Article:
By Gary Murray
Starring Caroline Bowman, Josh Young and Sean MacLaughin
Lyrics by Tim Rice
Music by Andrew Lloyd Webber
Choreographed by Rob Ashford
Directed by Michael Grandage
Andrew Lloyd Webber is one of the most lauded composers of the modern era of Broadway musicals. Some of his works have been Jesus Christ Superstar, Cats, Phantom of the Opera and Sunset Boulevard. Evita first hit the boards in 1976 and has been running on some stage ever since. The latest Broadway revival is a part of the Dallas Summer Musicals season and plays at the Music Hall at Fair Park through 4/27.
The play opens with an old movie newsreel of the death of Evita Peron also known as Eva. While real images of the event spills on the screen, the entire company performs the very dark “Requiem”. It sets the mood that this work will ultimately be a tragedy. Che (Josh Young) sings the song “Oh, What a Circus” where he lays out the reality of the situation that is the ascension of Eva (Caroline Bowman) in the bustle of the city. The play almost becomes a history lesson as it entertains.
The first big number is “On This Night of a Thousand Stars” where Magaldi (Christopher Johnstone) becomes the first person stepped-on by the woman. The idea of sleeping one’s way to the top is shown with the song “Goodnight and Thank You.” It is clever and witty without being over sexual.
Easily the best moment from the first Act is “Another Suitcase in Another Hall” where Eva expels the mistress from Peron’s life. In a small role of the mistress Krystina Alabado just steals the moment. She has a bright lilting voice and draws the entire audience into her pain and pathos. It is a brilliant instant that shows not only the struggle of the individual but in a larger context, the struggle of the nation.
Act One ends with “A New Argentina” with Eva and Peron becoming man and wife. And like all good tragedies, it is also the beginning of the end.
The Second Act starts with the most iconic image of the work. Peron (Sean MacLaughin) delivers “On the Balcony if the Casa Rosada” a musical moment that showcases his full-throated voice. It also shows that Eva plays to be the puppet master behind his government.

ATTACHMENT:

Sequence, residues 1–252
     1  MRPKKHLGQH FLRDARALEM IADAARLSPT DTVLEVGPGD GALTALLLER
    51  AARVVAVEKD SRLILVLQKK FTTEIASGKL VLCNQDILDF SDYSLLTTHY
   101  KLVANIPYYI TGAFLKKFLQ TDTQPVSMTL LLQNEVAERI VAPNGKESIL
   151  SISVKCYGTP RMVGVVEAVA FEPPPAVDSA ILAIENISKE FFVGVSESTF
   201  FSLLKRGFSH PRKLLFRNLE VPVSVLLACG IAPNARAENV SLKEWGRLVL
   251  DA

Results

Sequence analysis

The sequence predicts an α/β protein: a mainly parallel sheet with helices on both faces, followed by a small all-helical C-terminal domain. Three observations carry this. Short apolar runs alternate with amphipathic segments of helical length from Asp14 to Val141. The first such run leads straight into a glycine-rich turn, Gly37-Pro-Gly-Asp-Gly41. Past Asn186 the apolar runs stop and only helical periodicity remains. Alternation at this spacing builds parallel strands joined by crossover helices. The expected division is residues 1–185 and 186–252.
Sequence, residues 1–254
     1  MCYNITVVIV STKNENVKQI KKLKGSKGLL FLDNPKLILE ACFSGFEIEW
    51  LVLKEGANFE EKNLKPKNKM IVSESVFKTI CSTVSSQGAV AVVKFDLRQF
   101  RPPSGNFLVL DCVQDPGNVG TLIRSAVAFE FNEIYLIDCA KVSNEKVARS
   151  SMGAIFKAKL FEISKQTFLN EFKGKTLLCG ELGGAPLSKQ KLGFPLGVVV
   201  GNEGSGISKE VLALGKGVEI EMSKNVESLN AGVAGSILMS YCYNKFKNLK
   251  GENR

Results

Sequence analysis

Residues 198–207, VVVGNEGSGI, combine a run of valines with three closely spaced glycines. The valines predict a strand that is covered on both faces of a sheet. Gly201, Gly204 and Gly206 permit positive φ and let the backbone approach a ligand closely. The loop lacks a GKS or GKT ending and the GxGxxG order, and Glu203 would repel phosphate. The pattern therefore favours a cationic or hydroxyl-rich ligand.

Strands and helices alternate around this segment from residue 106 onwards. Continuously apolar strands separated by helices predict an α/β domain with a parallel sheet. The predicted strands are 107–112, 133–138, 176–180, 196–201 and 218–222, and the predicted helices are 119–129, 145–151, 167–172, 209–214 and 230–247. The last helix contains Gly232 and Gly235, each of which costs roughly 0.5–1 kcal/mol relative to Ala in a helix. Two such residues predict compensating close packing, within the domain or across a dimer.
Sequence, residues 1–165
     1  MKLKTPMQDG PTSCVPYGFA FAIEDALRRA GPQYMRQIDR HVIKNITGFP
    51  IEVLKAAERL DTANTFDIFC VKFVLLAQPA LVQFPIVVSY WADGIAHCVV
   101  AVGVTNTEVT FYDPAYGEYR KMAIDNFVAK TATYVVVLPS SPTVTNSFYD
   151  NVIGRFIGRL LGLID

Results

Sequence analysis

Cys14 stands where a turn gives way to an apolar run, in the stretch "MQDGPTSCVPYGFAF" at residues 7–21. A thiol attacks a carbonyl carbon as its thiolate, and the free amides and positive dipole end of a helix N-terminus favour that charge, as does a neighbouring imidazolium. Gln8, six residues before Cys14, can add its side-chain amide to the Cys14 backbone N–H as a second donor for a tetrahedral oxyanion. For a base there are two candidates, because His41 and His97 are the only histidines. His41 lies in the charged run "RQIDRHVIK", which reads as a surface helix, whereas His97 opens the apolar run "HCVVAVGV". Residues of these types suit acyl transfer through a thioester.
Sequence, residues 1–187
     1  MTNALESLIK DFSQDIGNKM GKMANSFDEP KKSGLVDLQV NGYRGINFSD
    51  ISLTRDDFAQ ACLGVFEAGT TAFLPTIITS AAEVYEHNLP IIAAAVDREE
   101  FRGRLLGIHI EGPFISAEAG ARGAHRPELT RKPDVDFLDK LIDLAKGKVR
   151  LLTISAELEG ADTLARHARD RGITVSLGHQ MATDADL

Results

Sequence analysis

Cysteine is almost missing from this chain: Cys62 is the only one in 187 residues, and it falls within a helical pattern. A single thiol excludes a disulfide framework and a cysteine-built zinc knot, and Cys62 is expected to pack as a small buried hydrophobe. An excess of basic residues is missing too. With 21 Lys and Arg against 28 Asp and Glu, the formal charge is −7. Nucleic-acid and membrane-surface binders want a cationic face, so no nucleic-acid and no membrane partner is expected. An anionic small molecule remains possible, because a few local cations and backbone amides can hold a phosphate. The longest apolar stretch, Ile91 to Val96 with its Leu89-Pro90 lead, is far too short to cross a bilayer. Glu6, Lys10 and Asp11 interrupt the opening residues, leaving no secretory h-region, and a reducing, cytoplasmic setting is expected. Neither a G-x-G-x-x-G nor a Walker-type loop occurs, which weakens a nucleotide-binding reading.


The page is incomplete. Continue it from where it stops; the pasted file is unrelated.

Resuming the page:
Easily the biggest moment of the entire work is “Don’t Cry for me Argentina.” Under the massive skills of Caroline Bowman, this is the shining diamond of the play. With a sparkling dress that glows to the back row, the young actress delivers the song in a way that makes it feel fresh and new. It is truly the highlight of the entire production and the best reason to see the show.
“The Rainbow Tour” mixes stage and filmed images to show the world tour of Eva throughout Europe. It is also the beginning of her downfall, with some of the other world leaders not that impressed by the woman. By the time the play gets to “Eva’s Final Broadcast” she is a defeated woman, struggling to cement her legacy while cancer ravages her body. It is also the point where the play should have ended. The last two songs “Montage” and “Lament” feel as if they are tacked on just to fill out the work.
Josh Young as Che is truly the star the work. On stage almost the entire production, he is the voice of the people and the man who sees the façade behind the woman. He delivers song after song with a strong voice and acting chops that equal the best of Broadway. This is an actor that everyone expects to see much more of in the next few years.
The play is another work by Tim Rice and Andrew Lloyd Webber. These two are billion dollar franchise players and Evita is the top of their game. The mixture of rock opera and tragedy give the play a grand scale. It is a testament to the work of both artists.
The overall look is a massive scale on the level of a major Broadway non-touring production. The backdrops are spectacular and the balcony becomes the focal point of the work. The scenic and costume designs by Christopher Oram deliver a production that fills every inch of the proscenium arch with a magical glow. Director Michael Grandage gives the audience an epic Broadway spectacle.
Evita is a strong musical experience that is yet another diamond in the crown of the Dallas Summer Musical Series. It is a show that should not be missed.